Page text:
I finally did it. I conquered my fear of fair isle knitting and now I’m hooked.
This seems to happen a lot with yarn work. When I mastered granny squares last year, I spent months crocheting the heck out of them. Granny square coasters. Granny square pillows. Granny square afghans.
So now I’ve moved on to the fair isle knitting and I see a lot of that in my future as well. So fun! And every time you’re close to getting bored, it’s time to switch colors and change things up. And I just love the patterns.
This is the Cheery Scrap Cap — a fun, free pattern on ravelry. She’s got tons of ways to customize the pattern, but I just went with whatever stash yarn I had that was nice and bright and mostly the same size. The earflaps are key — my kids hate freezing ears! My ravelry notes are here if you want to check ’em out.
This one is a belated Christmas present. I tend to overthink knitting presents for people — am I making it for someone who will actually appreciate something handmade? Is it actually something they need or am I just knitting for the sake of knitting? Will they like it? Will they use it? I think hats are pretty practical — people rarely outgrow them and no one ever seems to have enough hats for cold days. Even in warmer areas, people need hats for trips and things. This one is for a guy so it’s a classic navy and white and since the pattern is a little more elaborate, there aren’t as many color changes. I think it would be super-cute in a pink and lime or yellow for a girl as well. This is the Norwegian Fairisle Snowflake hat — a free fair isle knitting pattern online.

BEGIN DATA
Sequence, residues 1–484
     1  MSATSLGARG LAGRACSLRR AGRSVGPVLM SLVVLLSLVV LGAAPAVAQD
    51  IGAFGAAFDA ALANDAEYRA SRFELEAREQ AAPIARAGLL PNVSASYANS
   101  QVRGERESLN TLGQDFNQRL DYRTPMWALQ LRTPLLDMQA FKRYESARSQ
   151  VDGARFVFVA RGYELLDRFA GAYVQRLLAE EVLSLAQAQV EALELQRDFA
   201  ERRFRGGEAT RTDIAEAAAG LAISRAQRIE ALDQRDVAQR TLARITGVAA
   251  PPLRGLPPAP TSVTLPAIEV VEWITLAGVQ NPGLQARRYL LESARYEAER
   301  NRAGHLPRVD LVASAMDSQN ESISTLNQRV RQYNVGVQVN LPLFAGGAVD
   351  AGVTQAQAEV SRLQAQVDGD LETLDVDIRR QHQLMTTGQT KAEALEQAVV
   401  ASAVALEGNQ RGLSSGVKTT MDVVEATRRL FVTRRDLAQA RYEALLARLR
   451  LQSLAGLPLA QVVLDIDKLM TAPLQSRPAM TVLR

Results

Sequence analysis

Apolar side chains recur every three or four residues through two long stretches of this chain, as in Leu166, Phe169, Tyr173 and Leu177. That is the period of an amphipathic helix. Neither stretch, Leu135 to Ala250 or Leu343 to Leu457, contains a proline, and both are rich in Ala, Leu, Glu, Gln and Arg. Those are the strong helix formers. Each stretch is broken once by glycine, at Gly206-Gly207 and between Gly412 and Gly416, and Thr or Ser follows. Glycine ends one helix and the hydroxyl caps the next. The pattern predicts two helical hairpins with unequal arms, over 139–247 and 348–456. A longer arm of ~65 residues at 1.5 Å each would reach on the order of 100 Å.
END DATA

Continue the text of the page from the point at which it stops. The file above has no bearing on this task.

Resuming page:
And also, since I’m on a hat kick and all, a bear hat. I know. It’s not in keeping with the fair isle knitting theme I’ve got going on. But I happen to know lots of people going around having babies, and these babies need bear hats. It’s amazing, really, how one little pair of bear ears can make a basic brown hat so stinking cute!!
My notes for this one are here — I used a basic knit hat pattern, combined with a separate pattern just for the ears and then sewed them on.
I do love knitting hats — they’re just the right size for experimenting. Small, so you can try new patterns, finish them up pretty quickly, and move on to another.
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